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Dirty words in the language classroom

Man with hands on head looking shockedTony Grice, freelance writer and OUP author, considers whether it is appropriate (or necessary) for teachers to teach ‘taboo’ words in the language classroom.

Swear words, vulgarities and curses – I’ll group them together and call them ‘dirty words’ – exist in all languages. They can colour things in ways which their genteel synonyms cannot, and deliver a punch which only a fist can match.

However, the prohibition on them is almost as universal as the words themselves. It extends even to classrooms where language is actually taught – pretty much the one place where you’d expect dirty words to be arranged in an orderly fashion and behaving respectably. For, despite their wide-spread use and usefulness, we do not teach students of English how to curse and swear in the language they are studying. We are uncertain about whether it should be done, and even if we were sure it was OK, we probably wouldn’t do it very well.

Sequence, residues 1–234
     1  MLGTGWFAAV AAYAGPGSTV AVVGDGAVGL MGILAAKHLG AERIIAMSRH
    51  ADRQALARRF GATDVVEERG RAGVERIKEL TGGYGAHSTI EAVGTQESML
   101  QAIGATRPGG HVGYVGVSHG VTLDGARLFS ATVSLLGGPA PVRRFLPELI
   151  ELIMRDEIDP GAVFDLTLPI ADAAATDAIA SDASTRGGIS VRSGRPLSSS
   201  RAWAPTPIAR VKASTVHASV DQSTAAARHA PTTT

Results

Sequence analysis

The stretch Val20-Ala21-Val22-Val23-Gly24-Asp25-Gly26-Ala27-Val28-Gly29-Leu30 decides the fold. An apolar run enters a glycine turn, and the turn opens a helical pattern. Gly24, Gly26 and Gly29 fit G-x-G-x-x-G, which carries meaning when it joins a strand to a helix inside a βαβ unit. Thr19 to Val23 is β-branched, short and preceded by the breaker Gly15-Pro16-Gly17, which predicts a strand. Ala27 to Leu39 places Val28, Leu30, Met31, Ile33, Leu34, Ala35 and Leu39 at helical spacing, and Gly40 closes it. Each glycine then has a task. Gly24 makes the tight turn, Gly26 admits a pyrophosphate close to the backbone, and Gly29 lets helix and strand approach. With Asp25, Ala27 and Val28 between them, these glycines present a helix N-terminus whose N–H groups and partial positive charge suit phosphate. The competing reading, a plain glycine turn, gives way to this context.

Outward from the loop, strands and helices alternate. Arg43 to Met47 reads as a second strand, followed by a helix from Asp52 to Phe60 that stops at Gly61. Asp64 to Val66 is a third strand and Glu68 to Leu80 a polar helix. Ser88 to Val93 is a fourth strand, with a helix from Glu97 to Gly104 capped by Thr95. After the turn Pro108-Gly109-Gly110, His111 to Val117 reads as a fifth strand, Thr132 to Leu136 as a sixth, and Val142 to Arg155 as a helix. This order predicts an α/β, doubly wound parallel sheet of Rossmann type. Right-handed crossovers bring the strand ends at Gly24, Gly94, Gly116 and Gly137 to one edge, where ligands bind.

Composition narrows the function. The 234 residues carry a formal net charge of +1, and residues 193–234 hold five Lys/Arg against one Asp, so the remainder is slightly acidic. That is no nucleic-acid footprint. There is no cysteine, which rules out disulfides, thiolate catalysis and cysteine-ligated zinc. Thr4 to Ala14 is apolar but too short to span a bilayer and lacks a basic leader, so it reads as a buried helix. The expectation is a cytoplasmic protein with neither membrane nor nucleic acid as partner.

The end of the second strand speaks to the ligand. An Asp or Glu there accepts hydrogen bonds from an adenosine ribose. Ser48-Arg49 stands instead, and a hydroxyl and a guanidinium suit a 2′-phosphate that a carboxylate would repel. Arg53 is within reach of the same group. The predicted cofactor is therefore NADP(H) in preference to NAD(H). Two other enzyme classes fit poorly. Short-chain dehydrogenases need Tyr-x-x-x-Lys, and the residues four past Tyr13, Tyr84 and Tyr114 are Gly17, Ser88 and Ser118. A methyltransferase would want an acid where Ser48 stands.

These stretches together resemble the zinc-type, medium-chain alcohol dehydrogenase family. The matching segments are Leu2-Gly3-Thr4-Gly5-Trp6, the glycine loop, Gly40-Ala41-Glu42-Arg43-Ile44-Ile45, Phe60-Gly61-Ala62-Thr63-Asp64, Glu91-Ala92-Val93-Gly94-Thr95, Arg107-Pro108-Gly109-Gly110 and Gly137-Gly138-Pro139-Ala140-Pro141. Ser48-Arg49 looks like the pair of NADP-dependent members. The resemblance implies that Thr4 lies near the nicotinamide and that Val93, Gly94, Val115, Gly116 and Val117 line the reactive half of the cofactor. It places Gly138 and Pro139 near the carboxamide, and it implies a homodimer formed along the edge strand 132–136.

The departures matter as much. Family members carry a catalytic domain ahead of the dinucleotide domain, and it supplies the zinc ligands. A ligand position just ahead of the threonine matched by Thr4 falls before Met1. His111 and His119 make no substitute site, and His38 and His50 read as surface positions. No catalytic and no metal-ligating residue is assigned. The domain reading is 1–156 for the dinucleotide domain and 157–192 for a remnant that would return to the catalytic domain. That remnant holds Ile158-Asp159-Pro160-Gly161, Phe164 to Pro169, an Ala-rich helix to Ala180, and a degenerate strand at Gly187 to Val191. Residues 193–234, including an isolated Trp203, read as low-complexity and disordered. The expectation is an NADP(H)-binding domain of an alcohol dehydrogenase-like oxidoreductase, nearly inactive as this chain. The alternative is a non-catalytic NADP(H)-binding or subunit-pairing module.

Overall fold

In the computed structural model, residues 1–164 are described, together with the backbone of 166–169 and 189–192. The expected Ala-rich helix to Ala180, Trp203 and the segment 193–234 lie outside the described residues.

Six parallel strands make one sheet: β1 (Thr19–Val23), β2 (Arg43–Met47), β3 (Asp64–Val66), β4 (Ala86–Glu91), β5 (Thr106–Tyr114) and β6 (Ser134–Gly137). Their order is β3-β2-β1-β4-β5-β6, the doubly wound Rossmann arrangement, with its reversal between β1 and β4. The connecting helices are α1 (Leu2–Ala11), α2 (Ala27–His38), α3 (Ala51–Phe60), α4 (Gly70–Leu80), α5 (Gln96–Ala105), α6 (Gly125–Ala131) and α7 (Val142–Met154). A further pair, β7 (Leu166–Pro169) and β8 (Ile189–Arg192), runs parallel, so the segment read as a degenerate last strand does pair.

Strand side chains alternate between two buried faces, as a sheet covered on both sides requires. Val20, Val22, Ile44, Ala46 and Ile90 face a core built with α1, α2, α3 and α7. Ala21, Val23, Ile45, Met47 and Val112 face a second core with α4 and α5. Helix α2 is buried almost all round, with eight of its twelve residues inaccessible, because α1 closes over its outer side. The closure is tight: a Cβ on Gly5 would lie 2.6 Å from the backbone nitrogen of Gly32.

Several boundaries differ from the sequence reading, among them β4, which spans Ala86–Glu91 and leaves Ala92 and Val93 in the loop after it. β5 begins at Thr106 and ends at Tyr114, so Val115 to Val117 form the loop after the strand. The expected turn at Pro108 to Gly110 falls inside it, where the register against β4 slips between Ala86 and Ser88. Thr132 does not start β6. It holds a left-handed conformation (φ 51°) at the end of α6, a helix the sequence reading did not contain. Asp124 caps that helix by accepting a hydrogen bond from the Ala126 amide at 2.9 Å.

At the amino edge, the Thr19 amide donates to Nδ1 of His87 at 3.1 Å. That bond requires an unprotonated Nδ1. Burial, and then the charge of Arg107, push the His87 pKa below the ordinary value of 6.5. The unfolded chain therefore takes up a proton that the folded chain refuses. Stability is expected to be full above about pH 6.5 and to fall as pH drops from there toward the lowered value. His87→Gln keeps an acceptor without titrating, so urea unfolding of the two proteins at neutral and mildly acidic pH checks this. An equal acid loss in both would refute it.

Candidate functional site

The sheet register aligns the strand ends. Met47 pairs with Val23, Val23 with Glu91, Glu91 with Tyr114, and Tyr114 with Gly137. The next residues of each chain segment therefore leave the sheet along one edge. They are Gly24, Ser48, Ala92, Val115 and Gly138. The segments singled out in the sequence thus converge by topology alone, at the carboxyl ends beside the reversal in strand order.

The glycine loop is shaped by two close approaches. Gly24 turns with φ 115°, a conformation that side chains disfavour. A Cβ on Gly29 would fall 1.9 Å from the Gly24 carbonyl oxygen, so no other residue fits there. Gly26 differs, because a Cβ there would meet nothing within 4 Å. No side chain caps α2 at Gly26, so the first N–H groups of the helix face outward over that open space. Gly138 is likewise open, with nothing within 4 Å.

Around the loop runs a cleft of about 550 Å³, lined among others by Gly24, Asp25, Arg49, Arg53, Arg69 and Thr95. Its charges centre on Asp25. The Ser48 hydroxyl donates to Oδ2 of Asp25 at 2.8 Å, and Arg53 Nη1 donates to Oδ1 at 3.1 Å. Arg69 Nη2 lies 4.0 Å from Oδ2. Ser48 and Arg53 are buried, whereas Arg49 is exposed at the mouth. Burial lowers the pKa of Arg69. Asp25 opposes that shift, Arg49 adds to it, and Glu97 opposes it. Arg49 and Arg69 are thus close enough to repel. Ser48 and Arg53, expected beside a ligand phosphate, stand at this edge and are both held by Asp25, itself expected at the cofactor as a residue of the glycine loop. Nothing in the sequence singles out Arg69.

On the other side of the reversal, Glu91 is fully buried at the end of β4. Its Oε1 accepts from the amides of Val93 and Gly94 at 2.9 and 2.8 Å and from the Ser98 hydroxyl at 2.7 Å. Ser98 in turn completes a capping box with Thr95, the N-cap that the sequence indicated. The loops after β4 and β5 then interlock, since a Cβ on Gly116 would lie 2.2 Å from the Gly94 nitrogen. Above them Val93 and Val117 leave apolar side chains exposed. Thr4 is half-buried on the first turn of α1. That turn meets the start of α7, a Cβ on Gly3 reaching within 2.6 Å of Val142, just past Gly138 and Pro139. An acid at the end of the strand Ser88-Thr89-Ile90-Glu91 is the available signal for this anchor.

Field research shows we speak an average of 80–90 dirty words per day but, despite their universality, the prevailing view is that dirty words are somehow morally corrosive. Even prolific swearers will abhor their use in front of ‘innocents’ and are shocked when children use them, even when they don’t know what the words ‘mean’. Because we are aware that others judge us by the way we speak, we warn our children and students that the use of dirty words will make them appear disreputable and coarse – as if they didn’t know that already.

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